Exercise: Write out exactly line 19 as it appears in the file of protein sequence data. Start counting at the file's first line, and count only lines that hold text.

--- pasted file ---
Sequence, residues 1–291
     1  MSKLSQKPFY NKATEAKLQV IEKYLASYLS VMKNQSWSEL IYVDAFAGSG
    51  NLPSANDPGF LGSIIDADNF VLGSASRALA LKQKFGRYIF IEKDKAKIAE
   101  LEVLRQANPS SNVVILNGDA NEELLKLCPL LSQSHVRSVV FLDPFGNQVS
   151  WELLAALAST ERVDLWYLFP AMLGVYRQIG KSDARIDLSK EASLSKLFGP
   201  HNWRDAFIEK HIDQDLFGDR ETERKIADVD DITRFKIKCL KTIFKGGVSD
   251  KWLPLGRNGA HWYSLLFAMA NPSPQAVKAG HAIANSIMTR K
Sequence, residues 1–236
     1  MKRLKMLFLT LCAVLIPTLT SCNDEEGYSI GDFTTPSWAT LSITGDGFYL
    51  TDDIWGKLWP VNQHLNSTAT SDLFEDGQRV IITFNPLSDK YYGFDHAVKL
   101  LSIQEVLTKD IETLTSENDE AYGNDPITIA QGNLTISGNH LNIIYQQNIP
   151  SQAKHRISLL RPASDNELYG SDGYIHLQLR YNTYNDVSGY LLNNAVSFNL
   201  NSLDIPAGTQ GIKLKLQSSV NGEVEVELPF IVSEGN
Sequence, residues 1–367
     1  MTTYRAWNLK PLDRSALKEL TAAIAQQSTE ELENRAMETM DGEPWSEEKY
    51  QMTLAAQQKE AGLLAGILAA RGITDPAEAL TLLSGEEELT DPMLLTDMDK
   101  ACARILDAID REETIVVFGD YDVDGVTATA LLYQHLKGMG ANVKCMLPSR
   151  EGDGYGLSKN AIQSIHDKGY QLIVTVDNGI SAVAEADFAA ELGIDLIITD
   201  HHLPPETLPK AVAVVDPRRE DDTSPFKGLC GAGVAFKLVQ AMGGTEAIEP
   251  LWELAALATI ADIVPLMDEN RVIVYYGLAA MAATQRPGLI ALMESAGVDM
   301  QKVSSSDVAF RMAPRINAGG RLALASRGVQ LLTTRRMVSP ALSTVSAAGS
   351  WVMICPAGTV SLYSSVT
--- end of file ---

   201  HHLPPETLPK AVAVVDPRRE DDTSPFKGLC GAGVAFKLVQ AMGGTEAIEP